West Wendover bucking the economic trend

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WEST WENDOVER -- Many cities are still having a tough time in this down economy, especially Nevada casino towns, except for one that seems to be going against the economic trend lately.

As West Wendover City Manager Chris Melville put it, "We're doing pretty good."

Melville considers himself kind of lucky. Then again, when you're the city manager of a casino town, luck is part of the deal.

"We're tightening our belts just like everyone else. We did do that and planned for the worse, but things turned out better for us, so we're really happy about that," he said.

According to the Nevada Gaming Control Board, revenue from Las Vegas, Mesquite, and North Lake Tahoe were all down double digits this past January. But Wendover was up 16 percent, and in the past fiscal year, Wendover isn't doing nearly as bad as the others, down only 4 percent.

Melville says it's because the Wasatch Front, which is Wendover's main market, is also not doing as bad as other places.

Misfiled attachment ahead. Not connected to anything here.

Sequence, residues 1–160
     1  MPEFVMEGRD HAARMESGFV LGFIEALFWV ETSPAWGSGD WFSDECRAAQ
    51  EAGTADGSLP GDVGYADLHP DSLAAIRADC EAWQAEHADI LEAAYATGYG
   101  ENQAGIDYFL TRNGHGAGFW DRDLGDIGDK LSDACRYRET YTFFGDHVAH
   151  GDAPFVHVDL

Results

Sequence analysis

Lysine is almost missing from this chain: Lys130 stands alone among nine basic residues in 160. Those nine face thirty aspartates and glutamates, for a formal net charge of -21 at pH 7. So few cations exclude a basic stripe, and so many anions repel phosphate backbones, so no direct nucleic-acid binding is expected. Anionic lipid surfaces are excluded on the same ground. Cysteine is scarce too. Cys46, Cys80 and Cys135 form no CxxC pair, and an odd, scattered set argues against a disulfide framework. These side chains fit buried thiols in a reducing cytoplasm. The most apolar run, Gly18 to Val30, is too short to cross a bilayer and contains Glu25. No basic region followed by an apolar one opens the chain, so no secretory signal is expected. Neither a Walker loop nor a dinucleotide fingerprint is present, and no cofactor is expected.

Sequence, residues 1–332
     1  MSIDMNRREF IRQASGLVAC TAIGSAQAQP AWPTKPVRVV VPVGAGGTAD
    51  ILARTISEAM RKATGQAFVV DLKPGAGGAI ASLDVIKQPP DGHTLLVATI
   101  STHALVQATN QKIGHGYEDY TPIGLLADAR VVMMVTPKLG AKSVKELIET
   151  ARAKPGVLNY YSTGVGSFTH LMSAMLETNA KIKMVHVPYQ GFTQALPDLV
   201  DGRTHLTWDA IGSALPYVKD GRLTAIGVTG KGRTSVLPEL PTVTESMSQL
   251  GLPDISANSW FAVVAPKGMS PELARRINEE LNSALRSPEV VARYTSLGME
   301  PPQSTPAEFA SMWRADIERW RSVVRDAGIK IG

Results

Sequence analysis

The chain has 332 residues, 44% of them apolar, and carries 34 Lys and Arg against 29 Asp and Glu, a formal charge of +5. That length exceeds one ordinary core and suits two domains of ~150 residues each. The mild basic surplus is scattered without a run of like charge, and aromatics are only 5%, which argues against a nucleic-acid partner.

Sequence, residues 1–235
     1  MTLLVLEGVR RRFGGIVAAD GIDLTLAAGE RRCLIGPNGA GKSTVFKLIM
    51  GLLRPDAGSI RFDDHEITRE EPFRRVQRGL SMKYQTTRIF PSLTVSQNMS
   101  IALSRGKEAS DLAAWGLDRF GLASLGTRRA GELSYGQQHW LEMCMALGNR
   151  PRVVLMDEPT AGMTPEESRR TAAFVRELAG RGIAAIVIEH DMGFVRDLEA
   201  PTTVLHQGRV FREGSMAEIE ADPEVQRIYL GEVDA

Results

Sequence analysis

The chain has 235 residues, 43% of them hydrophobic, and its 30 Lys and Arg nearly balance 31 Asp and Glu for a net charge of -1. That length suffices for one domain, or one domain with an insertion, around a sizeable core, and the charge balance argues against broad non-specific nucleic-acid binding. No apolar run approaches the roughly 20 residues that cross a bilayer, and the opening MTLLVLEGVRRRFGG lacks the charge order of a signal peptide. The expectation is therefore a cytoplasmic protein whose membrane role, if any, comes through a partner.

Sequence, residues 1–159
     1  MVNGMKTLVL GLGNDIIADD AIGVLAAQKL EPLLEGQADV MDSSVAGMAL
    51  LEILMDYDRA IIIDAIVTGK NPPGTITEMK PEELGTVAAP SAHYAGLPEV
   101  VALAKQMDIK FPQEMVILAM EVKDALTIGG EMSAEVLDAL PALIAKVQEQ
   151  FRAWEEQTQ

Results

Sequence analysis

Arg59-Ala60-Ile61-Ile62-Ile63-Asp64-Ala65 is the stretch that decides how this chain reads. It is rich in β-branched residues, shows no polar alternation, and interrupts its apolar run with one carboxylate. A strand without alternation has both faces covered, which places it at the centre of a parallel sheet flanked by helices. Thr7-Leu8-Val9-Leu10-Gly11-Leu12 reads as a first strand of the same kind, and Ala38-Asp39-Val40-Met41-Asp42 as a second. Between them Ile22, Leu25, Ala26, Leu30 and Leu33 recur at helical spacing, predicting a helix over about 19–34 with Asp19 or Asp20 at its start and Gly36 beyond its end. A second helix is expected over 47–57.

"People are looking to get away and take a break and maybe get those things out of their mind, so our economy has actually done pretty well," he said.

That means construction there is still happening. The new city hall complex should be done this summer, and a new recreation facility is in the works. Also, the Rusty Palms is building what will soon be a hotel and casino, and even the Red Garter, which planned to shut down last month, decided to stay open.

"The market here stayed good, and they're committed to the city. Just in our last council meeting a few weeks ago, they said they're here to stay and to keep operating," Melville said.

Another successful part of Wendover is the concert hall. City leaders say shows routinely sell out, proving there is a lot more to do there now than just play cards and roll dice.

John Spillman, marketing manager for the Peppermill, Rainbow and Montego Bay resorts, said, "We have over a hundred shows a year in that concert hall, so Wendover has become more than just a gaming destination. Families can come here, see a show, eat a good dinner, and stay in a nice room for a good value."

Spillman says the good value and the Wasatch Front market keep Wendover running.

"That's where the majority of our business comes from, the Wasatch Front, and so as Utah economy goes, so do we," he said.

And when the economy turns around, as Melville is banking on, he says Wendover will be in an even better shape

"We feel pretty good as a community, and we're happy about things for our future," he said.

Casinos have also put together a charter flight program, which flies thousands of people in every month from more than 60 cities throughout the U.S. and Canada. West Wendover's city manager says those flights are usually full.

E-mail: acabrero@ksl.com

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